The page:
In many ways, the woman who called herself Lana Peters resembled millions of Americans.

Like many in this land of immigrants, she had come from another country to seek a happiness here she could not find at home. She spoke English with a foreign accent, as many here do.

Like millions of us, she moved restlessly from place to place, seeking the ideal location, where friends and congenial surroundings would be just right. Her addresses spanned the continent: Princeton, N.J.; Scottsdale, Ariz.; Oceanside, Calif.

Like almost one marriage in three here, Lana Peters' marriage failed, and for many years she lived the exhaustingly lonely existence of the single parent.

She doted on her daughter, Olga, and vowed never to teach her the language of Mother Russia.

This vow told the secret of Lana Peters' identity. For this 58-year-old woman with light, curly hair, broad face and wide clear eyes, whose lifestyle and biography seemed so very American is Svetlana Alliluyeva, daughter of Joseph Stalin, dictator of the Soviet Union from 1929 to 1953. She caused a sensation by defecting to the United States in 1967, and recently returned to her homeland.

In the opinion of friends and acquaintances who knew her during the 15 years she lived in the United States, it was the burden of being Svetlana Stalin that disrupted her life and shattered her quest for security and happiness. They described a woman capable of intense emotional relationships, but prey to deep suspicions and nameless fears that bordered, according to several persons, on paranoia.

"As I grew up, I became rather afraid of my father," she told an interviewer several years ago.

Friends and acquaintances said she could break friendships abruptly and completely and struggled with a fierce temper. Although she reached out for contact, she also was said to be withdrawn and remote, a person who could spend an entire evening with friends but speak hardly a word to anyone.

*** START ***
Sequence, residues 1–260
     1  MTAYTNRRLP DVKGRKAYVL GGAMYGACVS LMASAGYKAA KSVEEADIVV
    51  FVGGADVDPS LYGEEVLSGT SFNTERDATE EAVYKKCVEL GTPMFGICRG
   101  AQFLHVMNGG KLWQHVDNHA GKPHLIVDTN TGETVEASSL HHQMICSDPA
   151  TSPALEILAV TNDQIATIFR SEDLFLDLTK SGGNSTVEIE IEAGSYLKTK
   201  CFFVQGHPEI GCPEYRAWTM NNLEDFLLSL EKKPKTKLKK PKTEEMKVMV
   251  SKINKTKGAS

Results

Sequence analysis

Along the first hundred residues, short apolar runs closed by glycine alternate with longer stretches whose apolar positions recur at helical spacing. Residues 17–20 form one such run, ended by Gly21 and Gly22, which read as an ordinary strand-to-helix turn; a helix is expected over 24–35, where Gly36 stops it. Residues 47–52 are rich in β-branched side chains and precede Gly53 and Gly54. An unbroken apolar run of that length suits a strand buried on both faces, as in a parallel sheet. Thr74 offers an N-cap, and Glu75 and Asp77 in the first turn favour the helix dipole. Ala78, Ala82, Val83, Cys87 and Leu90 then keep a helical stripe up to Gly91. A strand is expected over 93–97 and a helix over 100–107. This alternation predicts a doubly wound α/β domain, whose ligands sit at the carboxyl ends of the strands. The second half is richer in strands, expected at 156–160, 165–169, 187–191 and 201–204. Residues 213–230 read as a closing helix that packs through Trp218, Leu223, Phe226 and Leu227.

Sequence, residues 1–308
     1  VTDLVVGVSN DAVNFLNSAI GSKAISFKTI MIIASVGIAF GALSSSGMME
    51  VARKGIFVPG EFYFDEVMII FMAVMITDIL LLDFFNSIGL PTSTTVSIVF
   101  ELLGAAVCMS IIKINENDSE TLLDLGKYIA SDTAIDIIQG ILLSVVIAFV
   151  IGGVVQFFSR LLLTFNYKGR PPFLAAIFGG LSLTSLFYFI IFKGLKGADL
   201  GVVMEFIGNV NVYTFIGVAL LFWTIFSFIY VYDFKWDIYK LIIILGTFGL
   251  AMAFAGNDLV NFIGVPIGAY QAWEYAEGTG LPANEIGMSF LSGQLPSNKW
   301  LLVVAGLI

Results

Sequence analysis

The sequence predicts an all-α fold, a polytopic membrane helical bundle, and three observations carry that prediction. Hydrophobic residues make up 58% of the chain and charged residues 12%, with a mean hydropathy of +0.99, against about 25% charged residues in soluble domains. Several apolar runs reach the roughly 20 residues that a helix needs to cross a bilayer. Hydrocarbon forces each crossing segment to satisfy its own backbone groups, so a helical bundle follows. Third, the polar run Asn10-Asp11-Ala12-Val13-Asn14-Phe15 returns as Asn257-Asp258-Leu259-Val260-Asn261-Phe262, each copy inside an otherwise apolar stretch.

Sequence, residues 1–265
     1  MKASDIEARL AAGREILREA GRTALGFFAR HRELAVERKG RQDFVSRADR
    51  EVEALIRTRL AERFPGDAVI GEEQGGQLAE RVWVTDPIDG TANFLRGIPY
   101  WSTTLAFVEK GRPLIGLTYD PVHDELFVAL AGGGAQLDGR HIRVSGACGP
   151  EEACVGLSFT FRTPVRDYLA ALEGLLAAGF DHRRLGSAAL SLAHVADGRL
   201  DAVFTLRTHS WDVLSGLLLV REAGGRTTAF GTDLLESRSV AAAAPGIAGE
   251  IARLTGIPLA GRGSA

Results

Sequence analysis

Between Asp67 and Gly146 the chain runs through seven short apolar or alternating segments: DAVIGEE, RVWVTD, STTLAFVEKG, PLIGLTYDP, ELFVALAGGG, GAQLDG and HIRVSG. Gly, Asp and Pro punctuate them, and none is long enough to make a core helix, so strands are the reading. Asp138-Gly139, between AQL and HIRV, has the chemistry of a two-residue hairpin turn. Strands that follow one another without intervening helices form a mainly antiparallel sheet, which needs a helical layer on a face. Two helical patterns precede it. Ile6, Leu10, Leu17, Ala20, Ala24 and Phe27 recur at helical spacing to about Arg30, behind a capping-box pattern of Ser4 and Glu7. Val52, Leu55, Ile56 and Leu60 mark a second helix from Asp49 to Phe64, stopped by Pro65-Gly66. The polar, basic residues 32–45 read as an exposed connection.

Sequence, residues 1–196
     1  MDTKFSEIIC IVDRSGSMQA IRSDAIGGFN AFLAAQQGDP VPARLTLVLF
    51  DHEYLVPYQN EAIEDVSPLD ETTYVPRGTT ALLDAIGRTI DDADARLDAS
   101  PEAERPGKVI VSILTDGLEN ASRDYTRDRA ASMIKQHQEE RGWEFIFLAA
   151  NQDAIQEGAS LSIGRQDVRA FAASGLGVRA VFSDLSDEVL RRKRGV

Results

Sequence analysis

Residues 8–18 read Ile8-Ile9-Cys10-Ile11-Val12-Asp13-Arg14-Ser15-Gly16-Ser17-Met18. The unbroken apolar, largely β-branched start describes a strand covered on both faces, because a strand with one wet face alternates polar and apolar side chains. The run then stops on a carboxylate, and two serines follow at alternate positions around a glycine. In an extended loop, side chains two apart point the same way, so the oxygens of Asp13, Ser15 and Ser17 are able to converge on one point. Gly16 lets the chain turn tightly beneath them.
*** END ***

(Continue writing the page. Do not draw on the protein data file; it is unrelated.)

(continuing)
"She was very, very lonely and concerned about her situation," said her former husband, William Wesley Peters, who is Olga's father. Peters, an architect, was married to Alliluyeva from 1970 to 1972.

"I feel very sorry and concerned for her," he said. Peters, 72, said he last talked to Alliluyeva in August, when he called her in England, where she had moved in August 1982 after several years in Princeton. He said she gave no hint she might have been considering returning to Russia, from which she defected 17 years ago.

She had settled in the New Jersey university town to be near such noted Soviet scholars as Geroge F. Kennan, Cyril Black and Robert Tucker. But over the years, her relations with many of these specialists cooled.

Peters said he last saw his daughter in the summer of 1983, when Alliluyeva sent Olga to summer camp in Wisconsin.

"I have no facts, not the slightest knowledge beyond what the media has reported," Peters said. His daughter, born May 21, 1971, in California, is a U.S. citizen.

Alliluyeva became an American citizen some years ago. In 1979, in a rare interview, she said, "I can't wait to vote" in a U.S. election. "Citizenship changed the whole quality of my life."

She achieved one capitalist dream when royalties from two books, "Twenty Letters to a Friend" and "Only One Year," brought her more than $1 million. But financial troubles and bad investments had eaten up most of the fortune. She lived modestly here and in England.

And in recent years, her enthusiasm for the United States flagged. Last March, in an interview in England, she declared that "no two nations are so similar as the U.S. and Russia."

She was feeling the relentless tug of her homeland and the life she had abandoned there, which included two grown children, Joseph Morozov and Yekaterina Zhdanova, by her first and second marriages.

"I do not believe in regretting one's fate," she said, "but sometimes it is very hard. I have not seen my son and daughter in 17 years, and have never seen my grandson and granddaughter.

"Sometimes," she continued, "it's an almost superhuman effort not to drop everything and run and get a ticket to go and see them."

In the end, that is what she did.